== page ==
By Gardner C. Hanks
Drawing on previous and New testomony assets in addition to secular arguments, Gardner C. Hanks exhibits that the loss of life penalty harms instead of is helping any quest for a simply, humane society. He demonstrates via study information that the loss of life penalty is an useless crime-fighting software.
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Extra resources for Against the death penalty: Christian and secular arguments against capital punishment
Page 32 Given that the methods of modern criminology were not available and that cases were handled with dispatch, it can be assumed that "witnesses" in the Deuteronomic code refers primarily to eyewitnesses. It is a high standard to require this degree of proof, having at least two eyewitnesses. Murder is frequently committed in secret. When other people are present at a murder, they are often involved in one way or anotherthus making them suspect as witnesses. The second Deuteronomic rule regarding witnesses was that they must also act as the executioners in capital cases.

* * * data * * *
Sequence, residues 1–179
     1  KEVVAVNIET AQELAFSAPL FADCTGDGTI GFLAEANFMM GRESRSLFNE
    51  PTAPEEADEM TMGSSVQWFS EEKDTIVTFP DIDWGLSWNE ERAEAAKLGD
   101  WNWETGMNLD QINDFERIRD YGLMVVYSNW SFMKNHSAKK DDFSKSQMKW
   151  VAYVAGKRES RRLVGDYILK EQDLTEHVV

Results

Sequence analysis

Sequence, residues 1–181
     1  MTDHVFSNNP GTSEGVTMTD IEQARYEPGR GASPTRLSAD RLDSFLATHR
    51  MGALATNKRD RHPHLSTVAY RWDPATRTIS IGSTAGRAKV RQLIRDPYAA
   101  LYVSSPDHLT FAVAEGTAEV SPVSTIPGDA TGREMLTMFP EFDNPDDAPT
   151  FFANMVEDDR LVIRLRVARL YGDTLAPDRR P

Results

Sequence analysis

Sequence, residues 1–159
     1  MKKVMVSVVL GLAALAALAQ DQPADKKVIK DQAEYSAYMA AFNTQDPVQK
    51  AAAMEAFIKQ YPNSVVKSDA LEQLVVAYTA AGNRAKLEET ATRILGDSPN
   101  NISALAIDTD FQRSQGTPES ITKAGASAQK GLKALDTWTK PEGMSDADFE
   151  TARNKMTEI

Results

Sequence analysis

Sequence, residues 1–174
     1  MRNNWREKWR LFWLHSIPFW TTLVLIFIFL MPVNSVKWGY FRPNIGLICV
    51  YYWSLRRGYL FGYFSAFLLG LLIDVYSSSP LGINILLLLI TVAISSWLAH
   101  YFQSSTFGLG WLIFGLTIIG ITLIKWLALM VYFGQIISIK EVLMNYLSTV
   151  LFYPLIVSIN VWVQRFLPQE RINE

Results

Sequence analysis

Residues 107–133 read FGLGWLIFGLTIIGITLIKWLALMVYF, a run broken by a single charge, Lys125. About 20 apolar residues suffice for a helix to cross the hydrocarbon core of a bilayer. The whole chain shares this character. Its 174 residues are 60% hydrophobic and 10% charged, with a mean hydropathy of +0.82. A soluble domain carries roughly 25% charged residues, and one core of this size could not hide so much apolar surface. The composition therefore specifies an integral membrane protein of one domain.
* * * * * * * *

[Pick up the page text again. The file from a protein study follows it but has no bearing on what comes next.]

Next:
For a person to atone for a serious sin, that person's life must be forfeit. Much as sacrificing an animal paid God back for less-serious crimes, human sacrifice through the death penalty restored the balance of justice after a more serious crime had been committed. This belief, deeply embedded in human consciousness, predated the Mosaic law and can still be heard in arguments for the death penalty today. For example, the idea that the death penalty must exist to "balance out" murder or "to make things right, is a secular expression of this belief.
Page 27 God told Noah that there would be a reckoning for killing other human beings. The text of Genesis 9:6 follows. " The passage certainly is descriptive of how life was at the time. The murder of a family member could bring the beginning of prolonged revenge-seeking in the form of a blood feud. Thus, a murder was not necessarily one isolated violent event; it could be one of many acts in a cycle of violence. In retaliation, one murder led to another murder, which led to another in further retaliation, and so on.